The USDA released its first condition rating for the 2023 U.S. winter wheat crop on Monday.
Using our usual ratings system where we weight the crop based on the percent in each category and assign that category a factor of 2 for very poor, 4 for poor, 6 for fair, 8 for good, and 10 for excellent and then sum the totals, the initial rating comes out to 660.
This is a sizable 17.4% increase above the year ago first crop condition rating of the 2023 U.S. winter wheat crop of 562, though it is below the 2000-24 average of 692.
This chart shows the first fall winter wheat rating for the top 18 producing states and the U.S. for the both the 2024 and 2023 crops along with the 2000-2024 average on the left-hand axis.
Reported on the right-hand axis is the rank of this year's initial winter wheat crop rating with a 1 signifying the best first crop rating since 2000 while a 25 means the worst.
It is interesting to view this graphic after looking at a side-by-side comparison of the U.S. Drought Monitor for the latest week, which is Oct 24, 2023, vs. the year ago Oct 25, 2022, map.
At this time a year ago, much of the western U.S. was mired in severe to even extreme drought, particularly the large winter wheat producing states of California, Oregon, Idaho and Montana.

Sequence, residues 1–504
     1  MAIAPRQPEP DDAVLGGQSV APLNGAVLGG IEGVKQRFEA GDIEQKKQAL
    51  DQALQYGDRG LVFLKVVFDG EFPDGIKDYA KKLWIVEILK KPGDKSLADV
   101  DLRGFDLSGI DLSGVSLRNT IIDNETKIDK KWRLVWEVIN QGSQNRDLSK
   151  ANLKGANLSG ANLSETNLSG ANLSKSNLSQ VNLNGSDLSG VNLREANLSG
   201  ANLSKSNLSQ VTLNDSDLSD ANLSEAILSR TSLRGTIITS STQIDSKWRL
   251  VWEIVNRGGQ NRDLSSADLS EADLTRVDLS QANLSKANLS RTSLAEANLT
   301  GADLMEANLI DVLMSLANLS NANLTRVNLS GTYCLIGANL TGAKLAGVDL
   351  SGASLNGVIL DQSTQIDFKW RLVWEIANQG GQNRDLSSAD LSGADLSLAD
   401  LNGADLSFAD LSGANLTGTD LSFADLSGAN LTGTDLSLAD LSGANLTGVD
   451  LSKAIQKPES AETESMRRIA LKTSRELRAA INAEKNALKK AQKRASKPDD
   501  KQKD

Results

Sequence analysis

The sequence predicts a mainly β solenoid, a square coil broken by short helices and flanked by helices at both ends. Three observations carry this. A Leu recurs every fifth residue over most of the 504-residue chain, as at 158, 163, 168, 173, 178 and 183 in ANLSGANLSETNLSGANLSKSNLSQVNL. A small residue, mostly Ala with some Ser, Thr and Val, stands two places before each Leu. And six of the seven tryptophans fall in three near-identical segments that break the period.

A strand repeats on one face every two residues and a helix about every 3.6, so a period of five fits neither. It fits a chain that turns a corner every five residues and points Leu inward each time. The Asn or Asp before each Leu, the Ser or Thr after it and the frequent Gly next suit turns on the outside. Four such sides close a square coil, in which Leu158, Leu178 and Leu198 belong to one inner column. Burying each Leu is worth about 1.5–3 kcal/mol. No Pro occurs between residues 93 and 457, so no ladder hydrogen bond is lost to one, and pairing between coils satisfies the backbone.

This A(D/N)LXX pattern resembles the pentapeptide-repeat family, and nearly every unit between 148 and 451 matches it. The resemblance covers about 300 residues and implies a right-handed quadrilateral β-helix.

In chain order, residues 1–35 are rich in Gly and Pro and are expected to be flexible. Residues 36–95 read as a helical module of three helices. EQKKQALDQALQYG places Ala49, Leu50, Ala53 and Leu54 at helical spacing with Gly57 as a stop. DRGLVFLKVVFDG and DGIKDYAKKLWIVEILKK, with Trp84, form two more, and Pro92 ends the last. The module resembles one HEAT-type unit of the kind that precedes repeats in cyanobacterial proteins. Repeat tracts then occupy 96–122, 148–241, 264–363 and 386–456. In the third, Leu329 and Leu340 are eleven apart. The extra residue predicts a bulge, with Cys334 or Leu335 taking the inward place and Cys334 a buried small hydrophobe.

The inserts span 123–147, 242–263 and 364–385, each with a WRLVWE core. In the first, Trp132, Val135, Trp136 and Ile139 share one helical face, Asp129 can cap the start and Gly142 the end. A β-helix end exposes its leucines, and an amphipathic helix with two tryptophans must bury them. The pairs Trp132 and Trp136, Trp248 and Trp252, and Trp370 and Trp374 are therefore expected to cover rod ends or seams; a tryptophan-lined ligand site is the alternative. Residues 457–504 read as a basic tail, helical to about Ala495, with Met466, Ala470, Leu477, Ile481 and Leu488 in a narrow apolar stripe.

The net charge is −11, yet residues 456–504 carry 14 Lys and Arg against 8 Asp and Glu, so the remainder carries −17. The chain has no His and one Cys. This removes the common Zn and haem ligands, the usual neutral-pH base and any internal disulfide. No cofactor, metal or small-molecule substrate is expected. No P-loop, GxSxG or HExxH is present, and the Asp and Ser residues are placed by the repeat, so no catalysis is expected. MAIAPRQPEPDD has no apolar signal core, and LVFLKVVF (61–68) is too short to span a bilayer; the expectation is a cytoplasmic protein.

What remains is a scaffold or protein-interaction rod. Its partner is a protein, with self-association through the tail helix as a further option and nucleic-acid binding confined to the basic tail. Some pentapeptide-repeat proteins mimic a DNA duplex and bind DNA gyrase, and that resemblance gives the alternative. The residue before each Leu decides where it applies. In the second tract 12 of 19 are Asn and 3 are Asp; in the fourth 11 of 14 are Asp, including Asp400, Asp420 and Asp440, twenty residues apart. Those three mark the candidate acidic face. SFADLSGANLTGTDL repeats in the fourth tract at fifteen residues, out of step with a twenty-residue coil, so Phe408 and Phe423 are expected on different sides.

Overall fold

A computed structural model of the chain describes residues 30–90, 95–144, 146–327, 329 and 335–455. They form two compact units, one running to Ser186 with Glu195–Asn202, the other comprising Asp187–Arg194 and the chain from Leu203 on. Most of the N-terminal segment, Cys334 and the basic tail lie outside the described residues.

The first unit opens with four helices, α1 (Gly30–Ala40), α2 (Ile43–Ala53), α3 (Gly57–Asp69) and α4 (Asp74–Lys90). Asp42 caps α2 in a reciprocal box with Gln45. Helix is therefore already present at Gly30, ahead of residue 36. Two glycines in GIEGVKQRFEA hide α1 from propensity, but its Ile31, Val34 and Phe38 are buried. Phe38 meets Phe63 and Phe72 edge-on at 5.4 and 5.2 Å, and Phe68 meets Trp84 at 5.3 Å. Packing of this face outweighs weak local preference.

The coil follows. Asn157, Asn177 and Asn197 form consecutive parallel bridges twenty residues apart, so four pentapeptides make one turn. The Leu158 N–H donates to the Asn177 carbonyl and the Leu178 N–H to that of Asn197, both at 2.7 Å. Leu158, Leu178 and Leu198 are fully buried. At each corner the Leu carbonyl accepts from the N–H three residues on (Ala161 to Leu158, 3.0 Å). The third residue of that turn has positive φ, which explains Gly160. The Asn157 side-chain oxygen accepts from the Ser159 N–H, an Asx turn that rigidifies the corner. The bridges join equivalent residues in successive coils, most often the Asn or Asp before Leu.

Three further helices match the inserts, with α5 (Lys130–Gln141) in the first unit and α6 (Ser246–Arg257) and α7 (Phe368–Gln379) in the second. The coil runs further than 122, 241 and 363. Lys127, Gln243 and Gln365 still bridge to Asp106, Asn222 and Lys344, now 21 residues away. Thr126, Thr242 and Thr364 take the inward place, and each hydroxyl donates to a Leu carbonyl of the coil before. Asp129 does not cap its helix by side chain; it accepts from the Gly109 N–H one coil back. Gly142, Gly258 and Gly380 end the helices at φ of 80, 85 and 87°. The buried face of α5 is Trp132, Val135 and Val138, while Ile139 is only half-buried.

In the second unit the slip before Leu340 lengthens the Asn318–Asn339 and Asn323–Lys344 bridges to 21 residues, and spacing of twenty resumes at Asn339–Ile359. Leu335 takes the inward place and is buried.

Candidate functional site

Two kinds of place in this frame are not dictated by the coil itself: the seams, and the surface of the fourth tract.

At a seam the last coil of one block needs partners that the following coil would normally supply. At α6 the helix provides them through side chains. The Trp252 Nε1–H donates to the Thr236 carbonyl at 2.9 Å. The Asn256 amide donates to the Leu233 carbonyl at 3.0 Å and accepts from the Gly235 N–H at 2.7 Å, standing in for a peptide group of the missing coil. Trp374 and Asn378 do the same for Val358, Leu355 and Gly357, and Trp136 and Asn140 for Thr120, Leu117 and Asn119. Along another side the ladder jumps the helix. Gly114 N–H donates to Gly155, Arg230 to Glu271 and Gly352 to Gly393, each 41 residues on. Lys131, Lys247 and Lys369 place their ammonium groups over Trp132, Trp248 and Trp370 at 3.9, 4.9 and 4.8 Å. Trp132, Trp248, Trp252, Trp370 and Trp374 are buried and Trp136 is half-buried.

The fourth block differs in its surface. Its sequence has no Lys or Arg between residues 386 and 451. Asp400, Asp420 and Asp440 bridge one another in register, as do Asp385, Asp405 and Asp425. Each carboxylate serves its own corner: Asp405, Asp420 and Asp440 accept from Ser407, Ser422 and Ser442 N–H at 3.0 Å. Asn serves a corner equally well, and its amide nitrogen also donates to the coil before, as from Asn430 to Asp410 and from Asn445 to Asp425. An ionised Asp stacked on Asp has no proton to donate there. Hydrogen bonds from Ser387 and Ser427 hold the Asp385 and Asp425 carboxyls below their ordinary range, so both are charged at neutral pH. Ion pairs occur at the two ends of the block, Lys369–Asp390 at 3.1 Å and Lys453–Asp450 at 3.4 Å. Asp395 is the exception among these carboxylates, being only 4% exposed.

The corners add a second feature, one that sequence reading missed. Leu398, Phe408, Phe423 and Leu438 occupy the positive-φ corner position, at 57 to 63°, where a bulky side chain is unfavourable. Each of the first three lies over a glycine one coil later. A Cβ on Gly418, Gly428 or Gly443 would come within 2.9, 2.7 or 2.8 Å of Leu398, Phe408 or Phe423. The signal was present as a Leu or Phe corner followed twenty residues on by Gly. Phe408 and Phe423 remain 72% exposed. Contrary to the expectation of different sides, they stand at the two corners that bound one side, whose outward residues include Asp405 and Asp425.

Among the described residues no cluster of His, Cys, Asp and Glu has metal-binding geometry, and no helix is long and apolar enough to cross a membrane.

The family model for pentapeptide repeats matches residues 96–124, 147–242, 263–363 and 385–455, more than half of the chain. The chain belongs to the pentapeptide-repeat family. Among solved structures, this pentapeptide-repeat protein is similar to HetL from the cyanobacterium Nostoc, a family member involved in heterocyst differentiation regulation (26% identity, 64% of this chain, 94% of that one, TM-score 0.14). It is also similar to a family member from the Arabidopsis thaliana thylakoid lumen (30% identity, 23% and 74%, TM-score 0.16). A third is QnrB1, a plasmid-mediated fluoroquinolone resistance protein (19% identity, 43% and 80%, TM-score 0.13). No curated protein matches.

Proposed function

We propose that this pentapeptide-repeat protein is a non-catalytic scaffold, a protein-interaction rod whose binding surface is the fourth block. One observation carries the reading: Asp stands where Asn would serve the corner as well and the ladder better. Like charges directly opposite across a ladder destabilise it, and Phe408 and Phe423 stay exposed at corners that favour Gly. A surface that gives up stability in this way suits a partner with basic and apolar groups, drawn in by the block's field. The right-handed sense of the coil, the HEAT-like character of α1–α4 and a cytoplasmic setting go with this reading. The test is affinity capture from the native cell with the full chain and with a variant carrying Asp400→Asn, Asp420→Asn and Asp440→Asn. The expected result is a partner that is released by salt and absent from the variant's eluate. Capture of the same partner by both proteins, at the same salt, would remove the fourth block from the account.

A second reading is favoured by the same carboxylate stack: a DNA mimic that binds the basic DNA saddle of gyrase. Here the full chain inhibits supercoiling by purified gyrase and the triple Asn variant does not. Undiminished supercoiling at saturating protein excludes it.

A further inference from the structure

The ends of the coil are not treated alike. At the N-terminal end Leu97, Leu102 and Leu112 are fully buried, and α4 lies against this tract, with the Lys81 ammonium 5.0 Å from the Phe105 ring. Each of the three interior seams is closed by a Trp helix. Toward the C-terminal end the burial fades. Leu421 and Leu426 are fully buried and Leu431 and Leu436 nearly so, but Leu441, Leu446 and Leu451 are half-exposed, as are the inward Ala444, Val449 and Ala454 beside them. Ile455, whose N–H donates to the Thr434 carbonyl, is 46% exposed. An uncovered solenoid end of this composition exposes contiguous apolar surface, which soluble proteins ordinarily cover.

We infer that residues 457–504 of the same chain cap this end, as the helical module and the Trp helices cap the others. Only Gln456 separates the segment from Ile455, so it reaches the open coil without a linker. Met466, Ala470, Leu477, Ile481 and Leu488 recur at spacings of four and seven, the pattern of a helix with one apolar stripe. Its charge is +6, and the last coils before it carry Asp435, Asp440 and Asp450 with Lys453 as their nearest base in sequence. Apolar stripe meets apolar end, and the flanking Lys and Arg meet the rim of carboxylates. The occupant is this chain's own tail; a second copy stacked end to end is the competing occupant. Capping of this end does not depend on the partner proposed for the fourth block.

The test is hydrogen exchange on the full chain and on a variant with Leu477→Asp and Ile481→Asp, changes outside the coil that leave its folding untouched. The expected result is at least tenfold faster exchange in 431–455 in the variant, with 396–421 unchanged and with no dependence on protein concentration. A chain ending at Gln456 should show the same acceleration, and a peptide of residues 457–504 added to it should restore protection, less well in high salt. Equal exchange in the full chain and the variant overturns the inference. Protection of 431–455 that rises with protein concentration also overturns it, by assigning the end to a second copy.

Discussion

Heavy rains for much of this year out west have changed the fortunes of many of these states dramatically.
For instance, the current Montana reading of 846 is its best since 2000, 37.3% above the year ago figure and 143 points above its 25-year average.
Recent rains seem to have helped out the Plains states as CO, KS, NE, OK and TX all have higher ratings than last year.
The impact of the long-standing drought has lingered however for though the first crop rating for the Kansas winter wheat crop, the nation's largest, is 5.6% ahead of the year ago figure, the current rating of 562 still the second worst since 2000 next to last season and Nebraska third worst.
Also see Michigan having its second lowest initial crop rating since 2000.
Keep in mind the crop will not be harvested until mid-2024 as wheat's production potential typically hinges on springtime weather especially in the heading period.
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